Louis XIV's Prestige Ship on the Mediterranean
The fleet of French galleys from the Louis XIV era reached its apogee with this ship. Formerly as important as the Venetian and Genoese fleets, the French Mediterranean galley force consisted of about a hundred ships, floating prisons, with a warlike role, gradually blunted since the appearance of the galleon.
Louis XIV was to be present on all fronts, as the larger, most populated, richest of the great powers of the time, it relied on Colbert's ships for its Atlantic facade. The Soleil Royal, her admiral ship, was one of the most illustrious representatives, but in the Mediterranean the Reale of France was its equivalent.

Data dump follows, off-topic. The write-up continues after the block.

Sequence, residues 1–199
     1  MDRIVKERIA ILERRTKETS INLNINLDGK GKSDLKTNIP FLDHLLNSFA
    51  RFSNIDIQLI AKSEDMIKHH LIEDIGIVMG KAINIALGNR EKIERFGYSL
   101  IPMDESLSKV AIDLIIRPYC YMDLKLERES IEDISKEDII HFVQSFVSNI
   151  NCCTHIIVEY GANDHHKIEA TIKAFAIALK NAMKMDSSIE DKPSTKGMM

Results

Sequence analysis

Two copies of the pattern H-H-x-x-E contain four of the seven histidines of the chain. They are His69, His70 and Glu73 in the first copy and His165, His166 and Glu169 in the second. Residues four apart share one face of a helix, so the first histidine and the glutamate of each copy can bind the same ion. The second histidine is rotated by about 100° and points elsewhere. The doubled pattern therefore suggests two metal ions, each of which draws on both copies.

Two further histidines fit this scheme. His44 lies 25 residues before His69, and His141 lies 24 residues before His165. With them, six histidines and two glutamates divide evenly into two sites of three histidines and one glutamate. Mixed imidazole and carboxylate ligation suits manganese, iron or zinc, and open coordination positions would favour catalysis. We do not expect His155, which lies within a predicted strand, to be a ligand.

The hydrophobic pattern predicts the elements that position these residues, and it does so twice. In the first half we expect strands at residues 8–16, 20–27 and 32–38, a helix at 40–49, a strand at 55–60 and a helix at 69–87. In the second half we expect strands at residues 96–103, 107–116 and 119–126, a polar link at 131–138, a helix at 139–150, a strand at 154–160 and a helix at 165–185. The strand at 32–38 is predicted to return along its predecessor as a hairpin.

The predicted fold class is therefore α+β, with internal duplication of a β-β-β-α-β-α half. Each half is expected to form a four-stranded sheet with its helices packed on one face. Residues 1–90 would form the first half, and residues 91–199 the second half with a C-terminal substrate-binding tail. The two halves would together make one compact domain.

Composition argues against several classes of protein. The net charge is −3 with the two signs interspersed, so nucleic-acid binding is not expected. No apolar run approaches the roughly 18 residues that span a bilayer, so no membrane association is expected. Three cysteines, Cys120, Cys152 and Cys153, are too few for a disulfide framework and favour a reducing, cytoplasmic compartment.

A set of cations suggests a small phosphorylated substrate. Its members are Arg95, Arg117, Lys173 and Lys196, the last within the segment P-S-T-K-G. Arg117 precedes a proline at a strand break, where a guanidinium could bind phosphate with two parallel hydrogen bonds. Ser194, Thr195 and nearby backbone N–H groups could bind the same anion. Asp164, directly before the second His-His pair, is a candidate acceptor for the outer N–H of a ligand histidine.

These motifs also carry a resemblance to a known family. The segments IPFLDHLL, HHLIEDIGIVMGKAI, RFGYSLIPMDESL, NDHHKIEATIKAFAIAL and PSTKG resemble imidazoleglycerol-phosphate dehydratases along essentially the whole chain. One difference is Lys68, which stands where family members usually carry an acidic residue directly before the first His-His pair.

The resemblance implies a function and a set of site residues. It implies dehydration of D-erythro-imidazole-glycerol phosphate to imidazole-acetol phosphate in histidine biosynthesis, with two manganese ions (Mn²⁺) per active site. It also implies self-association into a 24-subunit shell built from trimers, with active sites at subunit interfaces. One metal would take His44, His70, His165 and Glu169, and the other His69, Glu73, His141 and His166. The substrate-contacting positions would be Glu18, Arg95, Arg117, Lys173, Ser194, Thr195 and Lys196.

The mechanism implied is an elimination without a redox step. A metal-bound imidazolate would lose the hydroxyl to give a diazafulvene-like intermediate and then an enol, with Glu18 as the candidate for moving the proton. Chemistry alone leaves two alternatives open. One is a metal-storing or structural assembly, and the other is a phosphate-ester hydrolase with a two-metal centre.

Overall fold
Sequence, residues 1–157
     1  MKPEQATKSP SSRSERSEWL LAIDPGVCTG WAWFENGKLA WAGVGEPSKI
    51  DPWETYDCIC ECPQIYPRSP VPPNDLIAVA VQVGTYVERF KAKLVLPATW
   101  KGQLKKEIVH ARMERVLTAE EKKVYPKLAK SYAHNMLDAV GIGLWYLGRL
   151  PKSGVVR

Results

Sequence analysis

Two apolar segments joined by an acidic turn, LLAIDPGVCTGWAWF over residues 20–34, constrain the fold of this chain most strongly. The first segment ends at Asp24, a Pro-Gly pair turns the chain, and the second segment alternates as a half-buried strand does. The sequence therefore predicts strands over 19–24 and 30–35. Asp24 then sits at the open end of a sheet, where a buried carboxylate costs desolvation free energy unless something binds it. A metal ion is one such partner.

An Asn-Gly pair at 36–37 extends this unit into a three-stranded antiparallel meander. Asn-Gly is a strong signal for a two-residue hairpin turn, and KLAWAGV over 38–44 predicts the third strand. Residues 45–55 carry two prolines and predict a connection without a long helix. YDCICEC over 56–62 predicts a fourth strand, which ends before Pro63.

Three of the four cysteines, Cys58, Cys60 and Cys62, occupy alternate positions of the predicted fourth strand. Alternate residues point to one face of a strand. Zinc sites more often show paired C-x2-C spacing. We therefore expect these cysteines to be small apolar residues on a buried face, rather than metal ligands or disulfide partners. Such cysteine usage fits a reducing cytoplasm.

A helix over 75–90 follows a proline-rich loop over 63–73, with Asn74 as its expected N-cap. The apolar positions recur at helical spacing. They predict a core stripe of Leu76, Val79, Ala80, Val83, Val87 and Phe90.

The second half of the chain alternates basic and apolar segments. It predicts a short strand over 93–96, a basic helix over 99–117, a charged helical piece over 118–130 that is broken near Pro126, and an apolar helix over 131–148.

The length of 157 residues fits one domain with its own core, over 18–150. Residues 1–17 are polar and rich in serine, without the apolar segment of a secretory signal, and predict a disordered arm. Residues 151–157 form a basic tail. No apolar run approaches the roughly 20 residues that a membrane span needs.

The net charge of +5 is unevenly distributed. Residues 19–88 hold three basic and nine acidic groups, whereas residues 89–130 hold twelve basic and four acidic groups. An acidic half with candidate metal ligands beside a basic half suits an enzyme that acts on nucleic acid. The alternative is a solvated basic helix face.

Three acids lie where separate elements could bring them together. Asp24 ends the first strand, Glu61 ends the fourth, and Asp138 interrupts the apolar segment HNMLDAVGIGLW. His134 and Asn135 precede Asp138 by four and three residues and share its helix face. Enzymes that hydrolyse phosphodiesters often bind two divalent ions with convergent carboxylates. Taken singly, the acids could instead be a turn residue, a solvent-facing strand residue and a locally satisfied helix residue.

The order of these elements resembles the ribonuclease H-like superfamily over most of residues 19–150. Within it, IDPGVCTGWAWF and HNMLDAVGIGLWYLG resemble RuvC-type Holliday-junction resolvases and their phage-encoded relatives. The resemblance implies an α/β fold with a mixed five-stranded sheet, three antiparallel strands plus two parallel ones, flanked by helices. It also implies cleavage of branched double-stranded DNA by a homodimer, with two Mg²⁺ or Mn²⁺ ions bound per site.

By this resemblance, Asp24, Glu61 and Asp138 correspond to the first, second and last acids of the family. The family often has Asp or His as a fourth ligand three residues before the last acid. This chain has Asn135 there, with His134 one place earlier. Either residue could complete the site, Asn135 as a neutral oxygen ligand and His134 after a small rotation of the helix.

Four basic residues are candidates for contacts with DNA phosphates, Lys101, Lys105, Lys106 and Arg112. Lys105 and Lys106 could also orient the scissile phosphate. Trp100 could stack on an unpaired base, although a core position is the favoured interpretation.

The "Sun King" wanted his "mare nostrum". To do this, a type of galley of high rank was created, the "Reale", which remains one of the most sumptuous floating objects. With 33 and 34 oars on respective sides, for 6 or 7 rowers each, it had on board a total of about 600 rowers, including those kept "in reserve" in the lower deck. There was in addition a musketeer guard of 100 men, about twenty gunners, fifty sailors, not counting officers and lackeys. Altogether, nearly 800 men found a place on this monster, more than 65 meters long by 12 meters wide (without rows). The reale carried six cannon stacked at the front, and two in its stern. It was rather a parade ship than a warship, lacking agility at sea.